The Brexit process has thrown British politics into crisis in a way rarely seen before. The failure of Prime Minister Theresa May’s Brexit deal means there is still no resolution in sight.
Parliament rejected the deal May negotiated with the EU by a mammoth 230 votes, the largest defeat for a government in the history of the British House of Commons. Since then May has refused either to contemplate serious changes to her proposal for Brexit or secure significant new concessions from the EU.
Yet May continues to survive as Prime Minister because the Tories, and her allies in the Democratic Unionist Party, still back her. A no-confidence motion brought forward by Jeremy Corbyn’s Labor Party lost by 325 to 306 votes.
As it stands, Britain is scheduled to leave the European Union with or without a deal by 23 March. This raises the prospect of a chaotic “no deal” Brexit where Britain would exit without any agreement on trade terms with Europe. Business is desperate to avoid this.
The Tories are fundamentally divided over what kind of Brexit they want. And there is a big unresolved question over Northern Ireland, which the Tories want to take out of the EU trade zone without re-imposing a “hard border” with the Republic of Ireland.
May wants to maintain as much access to the European market for the banks and big business as possible. But this means accepting at least some EU trade rules, which is opposed by “hard Brexit” Tories who want Britain to be free to pursue its own trade agreements.
There is a longstanding division in the Tories over the EU. Big business sees the European market as central to expanding their profits.
But the “hard Brexit” Tories claim Britain would be better off operating independently to build trade relationships across the globe. This is based on the fantasy that Britain can again be a global power as in the days of the British Empire. But the popular appeal of racist nationalism has given it a new lease on life.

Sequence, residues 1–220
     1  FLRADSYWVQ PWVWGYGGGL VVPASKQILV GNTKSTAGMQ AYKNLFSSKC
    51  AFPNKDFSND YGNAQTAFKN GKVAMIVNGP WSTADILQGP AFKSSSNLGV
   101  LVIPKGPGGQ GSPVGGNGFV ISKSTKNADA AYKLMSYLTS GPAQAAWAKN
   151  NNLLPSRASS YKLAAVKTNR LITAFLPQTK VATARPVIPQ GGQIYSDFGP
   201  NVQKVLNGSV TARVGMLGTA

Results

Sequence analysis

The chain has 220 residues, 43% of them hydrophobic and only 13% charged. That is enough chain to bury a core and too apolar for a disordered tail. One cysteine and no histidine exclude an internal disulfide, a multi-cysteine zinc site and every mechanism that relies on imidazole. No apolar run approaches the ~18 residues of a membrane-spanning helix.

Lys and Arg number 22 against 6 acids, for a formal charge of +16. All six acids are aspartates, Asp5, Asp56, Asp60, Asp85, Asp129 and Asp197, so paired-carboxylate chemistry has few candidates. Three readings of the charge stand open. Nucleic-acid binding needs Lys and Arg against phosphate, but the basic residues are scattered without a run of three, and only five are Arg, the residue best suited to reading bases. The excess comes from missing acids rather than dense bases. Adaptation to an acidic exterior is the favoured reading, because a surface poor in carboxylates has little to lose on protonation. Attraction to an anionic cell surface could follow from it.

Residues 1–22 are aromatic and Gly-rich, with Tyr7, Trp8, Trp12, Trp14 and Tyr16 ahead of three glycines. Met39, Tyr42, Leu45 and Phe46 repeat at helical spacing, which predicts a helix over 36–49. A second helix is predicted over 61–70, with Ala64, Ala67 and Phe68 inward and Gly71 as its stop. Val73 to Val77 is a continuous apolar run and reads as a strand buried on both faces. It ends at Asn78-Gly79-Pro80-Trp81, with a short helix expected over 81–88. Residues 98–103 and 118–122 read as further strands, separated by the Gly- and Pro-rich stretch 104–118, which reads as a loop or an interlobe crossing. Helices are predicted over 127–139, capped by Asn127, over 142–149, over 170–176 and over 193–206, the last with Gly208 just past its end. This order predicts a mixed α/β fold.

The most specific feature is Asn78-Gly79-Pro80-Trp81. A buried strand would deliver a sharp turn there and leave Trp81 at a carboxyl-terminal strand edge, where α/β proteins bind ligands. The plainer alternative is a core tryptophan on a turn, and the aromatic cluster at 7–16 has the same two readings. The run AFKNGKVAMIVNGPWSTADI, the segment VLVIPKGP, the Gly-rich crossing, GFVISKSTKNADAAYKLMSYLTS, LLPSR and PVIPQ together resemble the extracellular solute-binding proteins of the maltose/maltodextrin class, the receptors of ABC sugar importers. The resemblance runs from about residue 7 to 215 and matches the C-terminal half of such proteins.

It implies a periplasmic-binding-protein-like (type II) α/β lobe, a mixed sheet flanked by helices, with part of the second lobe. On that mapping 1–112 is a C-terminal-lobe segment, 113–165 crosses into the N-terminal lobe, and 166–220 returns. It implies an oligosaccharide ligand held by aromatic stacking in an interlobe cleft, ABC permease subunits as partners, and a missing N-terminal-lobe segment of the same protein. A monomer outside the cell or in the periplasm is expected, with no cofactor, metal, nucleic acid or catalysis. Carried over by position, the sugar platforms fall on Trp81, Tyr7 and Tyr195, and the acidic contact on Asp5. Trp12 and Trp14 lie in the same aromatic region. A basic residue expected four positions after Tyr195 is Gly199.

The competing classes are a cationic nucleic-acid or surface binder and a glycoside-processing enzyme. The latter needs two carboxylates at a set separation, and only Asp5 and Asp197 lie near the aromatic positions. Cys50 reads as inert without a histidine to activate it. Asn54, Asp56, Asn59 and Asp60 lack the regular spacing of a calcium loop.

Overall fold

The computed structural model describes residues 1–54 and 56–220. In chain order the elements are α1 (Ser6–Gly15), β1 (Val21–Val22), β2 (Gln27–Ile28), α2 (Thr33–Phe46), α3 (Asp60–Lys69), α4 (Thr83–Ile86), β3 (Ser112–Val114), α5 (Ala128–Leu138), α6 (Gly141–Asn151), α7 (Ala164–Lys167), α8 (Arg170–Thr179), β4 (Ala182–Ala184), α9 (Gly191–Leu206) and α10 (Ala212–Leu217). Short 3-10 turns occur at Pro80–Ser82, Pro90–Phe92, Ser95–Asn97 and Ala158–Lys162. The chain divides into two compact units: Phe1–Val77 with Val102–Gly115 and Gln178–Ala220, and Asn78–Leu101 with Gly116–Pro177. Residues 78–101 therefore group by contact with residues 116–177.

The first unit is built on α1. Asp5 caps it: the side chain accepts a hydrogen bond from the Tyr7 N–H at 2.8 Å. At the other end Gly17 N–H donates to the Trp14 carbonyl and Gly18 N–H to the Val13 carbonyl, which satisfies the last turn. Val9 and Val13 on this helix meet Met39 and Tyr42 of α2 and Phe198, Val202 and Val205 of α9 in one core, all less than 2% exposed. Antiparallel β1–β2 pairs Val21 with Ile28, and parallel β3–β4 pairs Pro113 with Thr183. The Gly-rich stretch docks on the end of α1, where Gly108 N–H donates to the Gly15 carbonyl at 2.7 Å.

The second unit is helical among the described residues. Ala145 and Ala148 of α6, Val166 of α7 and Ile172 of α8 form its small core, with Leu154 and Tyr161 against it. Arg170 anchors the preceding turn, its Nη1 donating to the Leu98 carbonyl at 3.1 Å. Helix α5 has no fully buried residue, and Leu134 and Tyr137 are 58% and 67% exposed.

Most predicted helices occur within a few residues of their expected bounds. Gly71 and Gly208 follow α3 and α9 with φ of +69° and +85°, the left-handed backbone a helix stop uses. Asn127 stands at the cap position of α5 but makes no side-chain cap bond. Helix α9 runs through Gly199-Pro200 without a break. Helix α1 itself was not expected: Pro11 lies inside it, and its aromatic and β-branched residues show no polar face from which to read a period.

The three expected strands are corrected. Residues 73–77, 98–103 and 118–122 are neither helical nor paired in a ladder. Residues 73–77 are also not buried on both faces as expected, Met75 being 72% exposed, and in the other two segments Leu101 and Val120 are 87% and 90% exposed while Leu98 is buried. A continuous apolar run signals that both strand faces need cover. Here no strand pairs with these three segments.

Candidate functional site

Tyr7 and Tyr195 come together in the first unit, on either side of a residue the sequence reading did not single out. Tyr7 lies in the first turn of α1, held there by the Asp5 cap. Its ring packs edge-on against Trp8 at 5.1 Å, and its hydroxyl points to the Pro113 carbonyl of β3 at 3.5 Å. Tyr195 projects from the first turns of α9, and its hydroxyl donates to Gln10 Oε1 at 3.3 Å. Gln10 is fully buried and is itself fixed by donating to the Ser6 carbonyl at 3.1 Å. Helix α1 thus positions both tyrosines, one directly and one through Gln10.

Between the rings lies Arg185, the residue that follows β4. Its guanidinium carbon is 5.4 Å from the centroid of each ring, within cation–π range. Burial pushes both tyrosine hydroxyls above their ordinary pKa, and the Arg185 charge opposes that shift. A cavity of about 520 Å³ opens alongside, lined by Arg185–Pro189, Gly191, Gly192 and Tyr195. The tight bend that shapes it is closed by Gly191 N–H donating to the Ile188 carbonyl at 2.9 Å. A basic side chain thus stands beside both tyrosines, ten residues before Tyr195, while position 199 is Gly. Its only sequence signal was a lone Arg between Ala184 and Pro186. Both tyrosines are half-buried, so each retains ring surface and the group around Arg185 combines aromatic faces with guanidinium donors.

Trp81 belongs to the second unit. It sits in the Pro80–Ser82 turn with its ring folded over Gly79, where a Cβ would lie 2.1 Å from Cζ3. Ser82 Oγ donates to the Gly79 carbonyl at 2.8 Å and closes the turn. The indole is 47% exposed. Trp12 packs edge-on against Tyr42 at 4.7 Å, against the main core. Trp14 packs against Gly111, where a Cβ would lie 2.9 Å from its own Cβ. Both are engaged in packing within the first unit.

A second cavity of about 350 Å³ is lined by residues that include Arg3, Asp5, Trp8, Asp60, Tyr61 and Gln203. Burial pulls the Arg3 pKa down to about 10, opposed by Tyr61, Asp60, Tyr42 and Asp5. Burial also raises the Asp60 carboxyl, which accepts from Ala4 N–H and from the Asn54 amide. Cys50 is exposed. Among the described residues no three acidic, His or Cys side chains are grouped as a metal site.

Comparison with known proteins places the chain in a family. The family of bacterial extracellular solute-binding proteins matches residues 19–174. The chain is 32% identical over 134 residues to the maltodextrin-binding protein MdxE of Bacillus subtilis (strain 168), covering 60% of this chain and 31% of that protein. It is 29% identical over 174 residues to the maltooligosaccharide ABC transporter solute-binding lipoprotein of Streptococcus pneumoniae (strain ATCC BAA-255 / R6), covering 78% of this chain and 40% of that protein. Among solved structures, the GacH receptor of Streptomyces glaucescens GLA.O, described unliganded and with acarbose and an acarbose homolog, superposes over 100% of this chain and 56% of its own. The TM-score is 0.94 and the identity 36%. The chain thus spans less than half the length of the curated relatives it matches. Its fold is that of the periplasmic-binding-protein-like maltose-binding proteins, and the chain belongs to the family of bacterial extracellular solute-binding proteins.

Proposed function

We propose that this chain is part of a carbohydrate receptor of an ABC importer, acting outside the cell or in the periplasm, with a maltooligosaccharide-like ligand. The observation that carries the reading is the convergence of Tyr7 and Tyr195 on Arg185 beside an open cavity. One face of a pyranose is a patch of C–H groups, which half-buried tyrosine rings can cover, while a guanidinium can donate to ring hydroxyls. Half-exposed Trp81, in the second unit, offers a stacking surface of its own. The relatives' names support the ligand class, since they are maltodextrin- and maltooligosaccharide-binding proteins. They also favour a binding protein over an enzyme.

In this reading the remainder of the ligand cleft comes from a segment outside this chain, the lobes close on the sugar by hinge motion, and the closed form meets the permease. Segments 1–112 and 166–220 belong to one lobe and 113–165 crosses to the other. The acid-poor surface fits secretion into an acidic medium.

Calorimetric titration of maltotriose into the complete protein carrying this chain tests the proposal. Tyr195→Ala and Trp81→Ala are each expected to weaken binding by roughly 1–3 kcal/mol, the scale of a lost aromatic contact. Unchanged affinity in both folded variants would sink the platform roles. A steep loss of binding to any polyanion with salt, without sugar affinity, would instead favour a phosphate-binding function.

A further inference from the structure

Many in the Labour Party and the left want a second referendum to try and overturn the Brexit vote. But this is a mistaken strategy. It pits the left against the majority of people who voted against the EU, including a third of Labour voters.
Refusing to accept the outcome will only drive Leave voters into the arms of the right.
EU, racism and neo-liberalism
Whilst many support remaining in the EU in defence of open borders in Europe, the EU itself is no anti-racist institution and does not guarantee freedom of movement.
After three months, EU citizens living in another EU country must meet certain criteria in order to stay. They must be in work, be seeking work with a genuine chance of getting it, be able to prove they aren’t a “burden” on public funds and have health insurance.
The EU doesn’t protect migrants or refugees. In 2008 the European Parliament adopted a new law that aimed to fast track mass deportations. It removed migrants’ rights to legal representation and allowed states to deport unaccompanied children. Fortress Europe means refugees fleeing war and poverty drown in the sea.
The EU is a deeply neo-liberal institution. A founding treaty “prohibited” all restrictions on bosses’ ability to make profits.
The EU was designed to boost the profits of business. It has facilitated the neo-liberal process whereby governments have abdicated responsibility for social services and privatised services to the benefit of corporations.
The 2007 Lisbon treaty enshrined the privatisation of public services in the EU. It committed member states to have balanced budgets and near-zero structural deficits.
The institutions of the EU are even more remote from pressure from below than national governments, and the key decision-making bodies are unelected—such as the European Commission, the Central Bank and the President.
The Tory government is in a deep crisis. The left must put forward an alternative to an undemocratic second referendum or the false choices of a soft or hard Brexit.
Pressing issues like funding for the National Health Service, job losses in the car industry and the rights of migrant workers in the UK could mobilise workers into a campaign that fights for nationalisation, workers’ rights and for free movement of people.
Such demands require breaking from the EU and its neo-liberal strait-jacket.
Whilst Corbyn moving no-confidence motions in parliament helps demonstrate the weakness of the May government, a movement on the streets and in the unions is needed to push the weak Tory government out.
By Feiyi Zhang